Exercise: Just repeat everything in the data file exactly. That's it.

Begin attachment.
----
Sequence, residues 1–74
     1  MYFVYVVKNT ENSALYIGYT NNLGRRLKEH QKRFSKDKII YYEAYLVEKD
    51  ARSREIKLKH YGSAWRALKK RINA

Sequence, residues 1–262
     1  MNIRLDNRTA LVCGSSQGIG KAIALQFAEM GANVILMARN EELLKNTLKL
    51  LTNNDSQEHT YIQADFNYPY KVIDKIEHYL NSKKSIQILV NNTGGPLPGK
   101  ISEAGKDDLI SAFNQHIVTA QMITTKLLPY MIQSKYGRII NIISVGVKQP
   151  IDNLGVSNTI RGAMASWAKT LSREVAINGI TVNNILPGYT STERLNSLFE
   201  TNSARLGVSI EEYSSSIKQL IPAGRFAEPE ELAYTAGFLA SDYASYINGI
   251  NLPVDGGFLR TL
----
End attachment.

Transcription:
Sequence, residues 1–74
     1  MYFVYVVKNT ENSALYIGYT NNLGRRLKEH QKRFSKDKII YYEAYLVEKD
    51  ARSREIKLKH YGSAWRALKK RINA

Sequence, residues 1–262
     1  MNIRLDNRTA LVCGSSQGIG KAIALQFAEM GANVILMARN EELLKNTLKL
    51  LTNNDSQEHT YIQADFNYPY KVIDKIEHYL NSKKSIQILV NNTGGPLPGK
   101  ISEAGKDDLI SAFNQHIVTA QMITTKLLPY MIQSKYGRII NIISVGVKQP
   151  IDNLGVSNTI RGAMASWAKT LSREVAINGI TVNNILPGYT STERLNSLFE
   201  TNSARLGVSI EEYSSSIKQL IPAGRFAEPE ELAYTAGFLA SDYASYINGI
   251  NLPVDGGFLR TL